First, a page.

In other words, reference to the "Fireman's Rule" was inappropriate to the disposition of the defendant's preliminary objections. Instead, given Ruhl's preoccupation with the complainant's conduct ("what was he doing at the time he was hurt"), as opposed to his appellation ("fireman"), the court below should have determined the sufficiency of the complaint under a negligence standard, i.e., was there an allegation of a duty owed the plaintiff by the defendant (either statutory or common law)?, was there a breach of the duty asserted?, and did the plaintiff sustain any injuries as a proximate cause of the breach of the duty owed by the defendant? Id.; see also Prosser on Torts, § 30 (4th Ed. 1971).
In light of the error of law committed by the court below, i.e., relying on the "Fireman's Rule" to sustain the defendant's preliminary objections on a per se rule that firemen assume the risk of their on-duty injuries as a matter of law, it must be rejected. See Ruhl v. Philadelphia, supra; Herman v. Welland Chemical, Ltd., supra. As a result, we deem it prudent to reverse the order appealed and remand to afford the court below the opportunity to assess the sufficiency of the complaint under general principles of negligence law. This is proper since the plaintiffs' complaint does not indicate on its face, given our ruling this day, that their claim cannot be sustained, nor that the law will not permit them recovery. See Gekas v. Shapp, supra; Herman v. Welland Chemical, Ltd., supra;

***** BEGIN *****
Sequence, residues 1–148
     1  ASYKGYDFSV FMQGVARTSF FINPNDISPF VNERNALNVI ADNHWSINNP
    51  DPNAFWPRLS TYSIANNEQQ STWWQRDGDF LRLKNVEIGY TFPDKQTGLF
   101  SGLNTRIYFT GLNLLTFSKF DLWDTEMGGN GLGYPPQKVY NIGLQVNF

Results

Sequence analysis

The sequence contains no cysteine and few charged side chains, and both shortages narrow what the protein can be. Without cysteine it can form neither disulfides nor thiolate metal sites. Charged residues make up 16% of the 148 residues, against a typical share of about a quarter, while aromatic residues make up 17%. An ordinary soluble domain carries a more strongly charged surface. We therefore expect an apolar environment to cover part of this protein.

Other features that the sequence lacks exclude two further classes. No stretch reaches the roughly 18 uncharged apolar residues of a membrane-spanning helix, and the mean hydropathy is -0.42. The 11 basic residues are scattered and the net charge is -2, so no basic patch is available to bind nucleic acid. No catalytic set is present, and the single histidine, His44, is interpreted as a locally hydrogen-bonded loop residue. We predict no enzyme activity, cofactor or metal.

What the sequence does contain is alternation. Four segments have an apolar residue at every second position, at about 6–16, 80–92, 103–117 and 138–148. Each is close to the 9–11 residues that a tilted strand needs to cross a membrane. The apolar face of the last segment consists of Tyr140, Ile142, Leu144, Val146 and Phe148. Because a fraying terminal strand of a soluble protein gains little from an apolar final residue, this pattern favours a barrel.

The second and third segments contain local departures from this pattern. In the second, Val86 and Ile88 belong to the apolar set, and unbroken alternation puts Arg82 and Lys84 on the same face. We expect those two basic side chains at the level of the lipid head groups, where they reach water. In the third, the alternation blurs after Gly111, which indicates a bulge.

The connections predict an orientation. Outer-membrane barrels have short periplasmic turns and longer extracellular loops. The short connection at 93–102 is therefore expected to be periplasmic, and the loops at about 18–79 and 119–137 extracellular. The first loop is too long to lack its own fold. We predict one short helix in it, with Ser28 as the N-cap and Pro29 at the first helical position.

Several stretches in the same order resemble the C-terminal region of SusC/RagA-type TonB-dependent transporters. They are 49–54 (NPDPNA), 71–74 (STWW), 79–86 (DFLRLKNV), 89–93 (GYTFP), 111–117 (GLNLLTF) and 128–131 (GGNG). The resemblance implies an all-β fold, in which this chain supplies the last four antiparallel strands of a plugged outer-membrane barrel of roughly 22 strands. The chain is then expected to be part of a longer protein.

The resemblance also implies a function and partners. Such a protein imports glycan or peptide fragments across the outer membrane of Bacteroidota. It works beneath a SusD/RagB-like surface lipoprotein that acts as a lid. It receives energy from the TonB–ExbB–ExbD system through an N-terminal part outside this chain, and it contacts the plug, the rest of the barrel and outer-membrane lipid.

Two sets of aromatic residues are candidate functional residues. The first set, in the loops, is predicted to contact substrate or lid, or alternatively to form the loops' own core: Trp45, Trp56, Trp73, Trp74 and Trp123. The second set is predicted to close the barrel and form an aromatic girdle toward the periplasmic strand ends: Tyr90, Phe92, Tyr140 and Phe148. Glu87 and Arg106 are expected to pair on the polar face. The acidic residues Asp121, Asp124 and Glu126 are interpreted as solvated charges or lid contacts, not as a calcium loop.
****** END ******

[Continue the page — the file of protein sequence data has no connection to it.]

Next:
We caution that if a determination is made that the complaint is not deficient in the law of pleading in alleging a cause of action premised upon negligence, it will be for the jury/fact-finder to decide ultimately whether the plaintiff showed a want of due care under the circumstances to recover damages. See Ruhl v. Philadelphia, supra; Concurring and Dissenting Opinion of Justice Roberts in Kinney v. Sun Oil Co., supra; see also Hild v. Montgomery, 342 Pa. 42, 20 A.2d 228 (1941); Bennett v. Kurland, supra.
Order reversed and case remanded for proceedings not inconsistent with the opinion herein written. Jurisdiction is not retained.